My Lords, Amendment 43 in this group is also in my name. In a sense, this provides a more general debate, to which the noble Lord, Lord Collins, has given us an amuse-bouche.
Amendment 37 introduces a super-affirmative process, the need for which the noble Baroness, Lady Chakrabarti, referred to, although not in those same words. Those noble Lords who have participated in the same Bills as me will be familiar with this format, because I have brought it to several Bills—indeed, I am doing so concurrently. I did not invent this process, but I feel that it is a very good way of giving Parliament a sense of ownership and oversight of the sort of things that we are talking about today. It seeks to provide Parliament with the opportunity for extended scrutiny.
As the amendment sets out, it would takes 30 days, which is a reasonable amount of time, and would involve the relevant committee—it is difficult to know just now what that committee would be because the Government are moving the tables around, so we have kept it as “relevant” at this stage. The committee would make recommendations and, in preparing the draft statutory instrument containing the regulations, the Secretary of State must take account of what the committee has done and of any representations or resolutions that have come from either House. After the 30-day period, if the Secretary of State wished to make regulations, there would have to be some sense from the Government as to what had happened during the process of consultation. When the statutory instrument arrived, it would have to have approval in both Houses.
It seems to me that this is an entirely reasonable way of a Government acting in good faith. We have a problem with statutory instruments, in that they cannot be amended and are virtually never voted down by either of the larger parties when they are in opposition—which can sometimes be frustrating when I am sitting here. If the noble Baroness, Lady Noakes, was in her seat, I would pitch this as being a supportive way of giving Parliament some oversight of what is likely to be a relatively controversial process.
I turn to Amendment 43 in my name, and will reflect on the other amendments in the group. It is worth remembering that Clause 3 provides the power to make consequential provision—quite considerable power. It confers on the Secretary of State a regulation-making power to make further consequential amendments arising from the Bill; regulations that make consequential provisions that may amend, repeal and revoke an enactment passed either before this Act or later in the same Session as the Bill. It is an incredibly broad power, and it is absolutely clear, as we have seen from your Lordships’ committees, that this is something that concerns noble Lords.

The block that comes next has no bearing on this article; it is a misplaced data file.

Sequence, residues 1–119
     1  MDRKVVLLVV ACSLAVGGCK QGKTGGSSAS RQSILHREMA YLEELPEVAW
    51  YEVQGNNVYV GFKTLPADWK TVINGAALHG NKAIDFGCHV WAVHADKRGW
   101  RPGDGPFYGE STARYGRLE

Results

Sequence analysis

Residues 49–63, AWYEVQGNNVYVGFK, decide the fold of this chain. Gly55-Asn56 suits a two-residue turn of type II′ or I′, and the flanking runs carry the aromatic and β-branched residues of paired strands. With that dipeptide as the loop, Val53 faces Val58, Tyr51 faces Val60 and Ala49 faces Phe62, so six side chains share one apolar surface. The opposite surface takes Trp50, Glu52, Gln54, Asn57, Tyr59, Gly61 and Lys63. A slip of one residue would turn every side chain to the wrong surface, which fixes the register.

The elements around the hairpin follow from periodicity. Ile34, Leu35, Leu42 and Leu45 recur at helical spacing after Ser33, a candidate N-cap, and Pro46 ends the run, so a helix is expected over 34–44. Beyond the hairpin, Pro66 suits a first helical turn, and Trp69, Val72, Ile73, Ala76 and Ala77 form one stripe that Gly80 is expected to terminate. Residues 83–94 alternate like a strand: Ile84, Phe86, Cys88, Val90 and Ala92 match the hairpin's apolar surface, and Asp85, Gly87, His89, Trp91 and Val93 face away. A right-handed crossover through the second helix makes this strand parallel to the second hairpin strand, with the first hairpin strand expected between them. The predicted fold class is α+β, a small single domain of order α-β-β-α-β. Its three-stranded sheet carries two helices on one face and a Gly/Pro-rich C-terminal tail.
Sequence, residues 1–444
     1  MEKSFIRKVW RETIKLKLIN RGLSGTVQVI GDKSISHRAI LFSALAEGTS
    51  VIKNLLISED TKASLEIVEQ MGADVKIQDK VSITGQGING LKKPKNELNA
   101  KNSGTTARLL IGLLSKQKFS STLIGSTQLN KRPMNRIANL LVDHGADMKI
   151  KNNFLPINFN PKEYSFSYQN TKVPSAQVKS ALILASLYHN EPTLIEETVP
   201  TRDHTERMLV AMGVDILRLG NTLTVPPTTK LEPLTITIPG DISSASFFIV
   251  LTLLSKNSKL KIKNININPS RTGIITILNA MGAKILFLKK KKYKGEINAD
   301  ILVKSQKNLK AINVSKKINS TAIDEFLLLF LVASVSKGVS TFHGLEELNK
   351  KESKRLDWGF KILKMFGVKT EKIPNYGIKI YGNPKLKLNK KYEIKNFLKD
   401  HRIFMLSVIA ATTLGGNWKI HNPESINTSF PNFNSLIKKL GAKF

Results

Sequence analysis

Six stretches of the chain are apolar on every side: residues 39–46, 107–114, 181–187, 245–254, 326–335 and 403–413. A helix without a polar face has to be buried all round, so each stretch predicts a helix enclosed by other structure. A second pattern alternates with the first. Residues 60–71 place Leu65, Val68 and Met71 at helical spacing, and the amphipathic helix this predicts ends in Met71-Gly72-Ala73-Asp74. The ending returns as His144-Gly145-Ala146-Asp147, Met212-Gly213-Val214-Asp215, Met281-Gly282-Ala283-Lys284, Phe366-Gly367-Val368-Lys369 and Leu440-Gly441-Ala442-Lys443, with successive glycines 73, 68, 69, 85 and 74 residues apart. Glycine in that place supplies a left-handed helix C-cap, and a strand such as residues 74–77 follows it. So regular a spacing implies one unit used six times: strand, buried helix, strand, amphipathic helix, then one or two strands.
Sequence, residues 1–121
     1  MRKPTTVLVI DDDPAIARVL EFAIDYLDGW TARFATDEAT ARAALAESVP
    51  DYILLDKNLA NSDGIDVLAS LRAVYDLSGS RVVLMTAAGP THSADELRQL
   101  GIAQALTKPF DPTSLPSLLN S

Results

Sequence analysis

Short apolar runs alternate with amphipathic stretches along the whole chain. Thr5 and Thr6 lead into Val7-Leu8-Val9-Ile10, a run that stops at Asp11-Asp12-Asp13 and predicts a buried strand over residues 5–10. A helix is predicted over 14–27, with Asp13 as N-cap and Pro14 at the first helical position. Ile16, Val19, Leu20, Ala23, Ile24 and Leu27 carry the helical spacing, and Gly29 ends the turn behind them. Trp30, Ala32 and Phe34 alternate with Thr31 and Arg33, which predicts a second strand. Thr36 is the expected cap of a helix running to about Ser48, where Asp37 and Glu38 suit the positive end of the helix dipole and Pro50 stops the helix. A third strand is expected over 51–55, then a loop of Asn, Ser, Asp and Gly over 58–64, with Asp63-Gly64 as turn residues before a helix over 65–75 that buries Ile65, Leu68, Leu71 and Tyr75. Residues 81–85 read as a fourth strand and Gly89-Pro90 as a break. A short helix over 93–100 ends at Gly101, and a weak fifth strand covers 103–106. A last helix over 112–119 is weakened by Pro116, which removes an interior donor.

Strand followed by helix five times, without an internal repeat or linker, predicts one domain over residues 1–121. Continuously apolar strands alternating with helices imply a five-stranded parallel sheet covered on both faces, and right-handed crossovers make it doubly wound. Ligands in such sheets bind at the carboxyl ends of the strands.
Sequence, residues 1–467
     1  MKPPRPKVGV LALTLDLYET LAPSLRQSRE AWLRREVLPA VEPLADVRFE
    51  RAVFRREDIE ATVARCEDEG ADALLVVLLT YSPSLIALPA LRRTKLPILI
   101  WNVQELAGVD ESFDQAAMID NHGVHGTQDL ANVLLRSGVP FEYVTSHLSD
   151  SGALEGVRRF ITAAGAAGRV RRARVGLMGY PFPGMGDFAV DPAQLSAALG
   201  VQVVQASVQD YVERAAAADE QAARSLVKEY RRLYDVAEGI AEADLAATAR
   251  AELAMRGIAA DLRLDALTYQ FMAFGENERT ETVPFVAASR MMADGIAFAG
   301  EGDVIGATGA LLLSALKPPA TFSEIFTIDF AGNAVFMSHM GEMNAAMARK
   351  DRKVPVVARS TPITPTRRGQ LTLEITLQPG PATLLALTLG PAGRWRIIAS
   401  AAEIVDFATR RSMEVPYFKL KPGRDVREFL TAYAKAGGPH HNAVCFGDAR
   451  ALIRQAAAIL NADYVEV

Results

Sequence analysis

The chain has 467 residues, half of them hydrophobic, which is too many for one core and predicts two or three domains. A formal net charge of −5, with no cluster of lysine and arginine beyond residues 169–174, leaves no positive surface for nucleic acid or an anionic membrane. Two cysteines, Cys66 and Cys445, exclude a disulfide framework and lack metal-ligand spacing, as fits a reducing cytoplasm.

The delegated powers memorandum sets out its justification for the Henry VIII powers. I am not going to read those out—I am sure the Minister will do that job for us. The Delegated Powers and Regulatory Reform Committee has been very clear in its verdict on the memorandum’s justification for the power: it is possible that not all the necessary consequential amendments have been identified in the Bill’s preparation. I think it is not just possible that they have not been identified, it is a certainty, given the lack of detail that we have before the Committee.
The problem is that the Government are taking an exceptional power either because they do not know what they want or because they do know what they want but do not know how to do it. This is a central problem with the Bill and these powers.
The DPRRC notes that even the Business Secretary at the time, Jacob Rees-Mogg, during the Committee stage of the debate in the Commons, characterised Clause 3 as
“almost so skeletal that we wonder if bits of the bones were stolen away by wild animals and taken and buried somewhere”.—[
It is a suitably florid phrase, as we have come to expect from Jacob Rees-Mogg MP. However, when someone of that political persuasion is convinced of the skeletal nature of this Bill, noble Lords opposite ought to be consumed with the same concerns. He specifically urged your Lordships to look at the clause and say that it is simply not something that we can pass into law as it is currently phrased. I did not think I would be standing here saying that I agree with Jacob Rees-Mogg, but I agree with him on this one. That can be used in evidence against me later.
Joking aside, the DPRRC’s report—I am not going to read it out verbatim because it has already been before your Lordships’ House—is damning about the powers that are contained in Clause 3. When the Minister writes his letter in response to this report, I hope it says he agrees with the DPRRC and that he takes on its recommendations when it comes to clipping the wings of this extremely undemocratic clause. I beg to move.